This hungry traveller is thankful that there are takeaway options around Auckland that take me right back to a few of my favourite food destinations around the world.
In Ubud, Bali, the smell of food grilling over charcoal permeates the night air. The region's famous Bebek Bengil (affectionately known as the "Dirty Duck Diner") is the inspiration behind the bebek tengil on the menu at Ponsonby restaurant Bali Nights (4 Williamson Ave, Ponsonby). A quarter duck (In Bali it's a half duck, but Kiwi ducks are fat and healthy so even a quarter is huge, explains co-owner Adriana Ferdian) is marinated, fried till crisp, and served with a side of sayur urap, fried tofu and sambal matah. "It's scary recreating a dish that's been loved for generations, but we've been told our version is super close to the Ubud OG".
A favourite late-night snack of ours when staying in the Ubud village of Penestanan are the petite chicken skewers which vendors cook on the roadside – we'd order them by the dozen, smothered in spicy peanut sauce and wrapped up in brown paper. Bali Nights' version hits all the right notes. The chicken starts out marinating in kecap manis and a "mother sauce" which is chef Wawan's secret family recipe, and is then, as Adriana describes "Grilled to smoky perfection". If you've travelled further afield in Indonesia there's more than only Balinese specialities on the menu to spark memories. The restaurant is owned by three young Indonesian couples, who "Feel a responsibility to our country to help educate the masses on the wonders and the variety of Indonesian food", says Adriana. "A majority of our menu is "Nusantara" food (from the sanskrit nusa – island, and antara - in between, or including): so, hero dishes from different parts of Indonesia."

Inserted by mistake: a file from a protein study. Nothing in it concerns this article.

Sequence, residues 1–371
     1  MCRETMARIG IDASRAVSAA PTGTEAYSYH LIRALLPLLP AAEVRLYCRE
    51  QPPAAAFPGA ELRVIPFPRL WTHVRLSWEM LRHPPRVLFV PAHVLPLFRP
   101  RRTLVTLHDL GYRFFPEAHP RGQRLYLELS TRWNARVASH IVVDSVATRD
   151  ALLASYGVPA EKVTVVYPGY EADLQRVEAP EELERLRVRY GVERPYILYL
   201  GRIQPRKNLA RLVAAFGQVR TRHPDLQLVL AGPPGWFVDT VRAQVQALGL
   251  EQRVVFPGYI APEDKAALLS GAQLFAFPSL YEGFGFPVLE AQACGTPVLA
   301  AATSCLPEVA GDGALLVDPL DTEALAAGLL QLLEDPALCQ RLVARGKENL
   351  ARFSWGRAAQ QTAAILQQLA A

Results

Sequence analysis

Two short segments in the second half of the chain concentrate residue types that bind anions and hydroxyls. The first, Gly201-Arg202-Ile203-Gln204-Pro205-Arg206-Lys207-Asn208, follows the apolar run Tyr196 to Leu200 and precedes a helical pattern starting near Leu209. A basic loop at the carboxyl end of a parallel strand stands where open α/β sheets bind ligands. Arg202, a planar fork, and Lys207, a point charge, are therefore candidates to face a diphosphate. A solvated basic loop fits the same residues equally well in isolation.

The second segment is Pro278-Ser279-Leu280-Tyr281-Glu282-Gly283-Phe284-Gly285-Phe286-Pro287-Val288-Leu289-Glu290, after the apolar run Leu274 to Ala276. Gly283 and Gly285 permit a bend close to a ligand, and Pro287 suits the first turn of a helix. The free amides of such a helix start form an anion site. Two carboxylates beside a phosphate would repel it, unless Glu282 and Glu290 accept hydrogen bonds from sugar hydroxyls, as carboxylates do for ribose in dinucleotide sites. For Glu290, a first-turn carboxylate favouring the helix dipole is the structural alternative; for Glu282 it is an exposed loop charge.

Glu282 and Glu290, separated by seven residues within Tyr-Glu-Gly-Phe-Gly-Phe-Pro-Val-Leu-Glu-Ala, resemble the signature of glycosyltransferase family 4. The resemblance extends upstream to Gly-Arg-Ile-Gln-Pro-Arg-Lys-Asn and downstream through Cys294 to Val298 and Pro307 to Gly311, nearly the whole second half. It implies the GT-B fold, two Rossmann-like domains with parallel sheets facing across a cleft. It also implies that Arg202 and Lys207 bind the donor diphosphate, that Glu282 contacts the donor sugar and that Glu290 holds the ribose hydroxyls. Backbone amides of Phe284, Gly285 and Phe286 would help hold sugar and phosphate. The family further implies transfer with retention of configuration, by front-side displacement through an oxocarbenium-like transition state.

Penang is another of my favourite food destinations, with its vibrant Malay, Chinese, and Indian culinary traditions adding to the mix. Opened just before Auckland was plunged into Alert level 4 in August, Nasi Kandar Pulau Pinang (24 Queens Rd, Panmure) brings a welcome taste of Tamil-style Northern Malaysian fare. Chef Joe Singam may call on local ingredients, but his cooking stays true to the flavours you'd get in Penang. Joe and his team make all the spice pastes from scratch. The gravy for each curry is unique, and everything is bursting with the flavour and aroma of fresh whole spices and aromatics. Just like in Penang, you can pick and choose different curries and things grilled or fried to accompany a foundational rice dish of nasi kandar or nasi lemak.
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In late 2019 we took an extended holiday in Italy – an experience we've felt deeply grateful for since the world was plunged into the pandemic not long after. A few weeks in Sicily was enough to shape our opinion of its food offering being deeply desirable. So it was a total delight to recently discover Little Sicily, a food truck parked up right beside the train tracks in an industrial area (702 Great South Rd, Penrose), run by ex-restaurateurs David Perillo and Stephen Gilberd and emitting a seriously appetising and very Sicilian aroma of frying capers when I rocked up to order.
In less restricted times, there's indoor seating – a jumble of comfy old sofas and red check-clothed tables inside Perillo's adjoining recording studio. The grittiness is a big part of the charm: the place is only open Tuesday to Friday, and although it's tucked away, there's a steady stream of customers, with Thursday nights (seafood nights – hello, lobster tail pizza) especially abuzz. Order anything and you'll come away with a big smile on your face, but a few must-tries are the arancino (proper, large Sicilian-sized – watch the final episode of Stanley Tucci's Searching for Italy for a good spotlight on the Sicilian arancino), the fantastically light and tender calamari, and the tuna crudo served on garlicky pizza bread with fried capers, lemon mayo, and red onion.
The tuna crudo took me straight back to a brilliant restaurant we ate at in Ortigia, called Carnezzeria (a seafood restaurant housed in an old butcher's shop, hence the name). It wouldn't be a complete Sicilian flashback without a coffee granita – at Little Sicily it comes topped with soft-serve ice cream and is exactly the right sweet treat for these already hot and humid days we're enjoying in Tāmaki Makaurau.
Check alert level restrictions and Ministry of Health advice before travel. covid19.govt.nz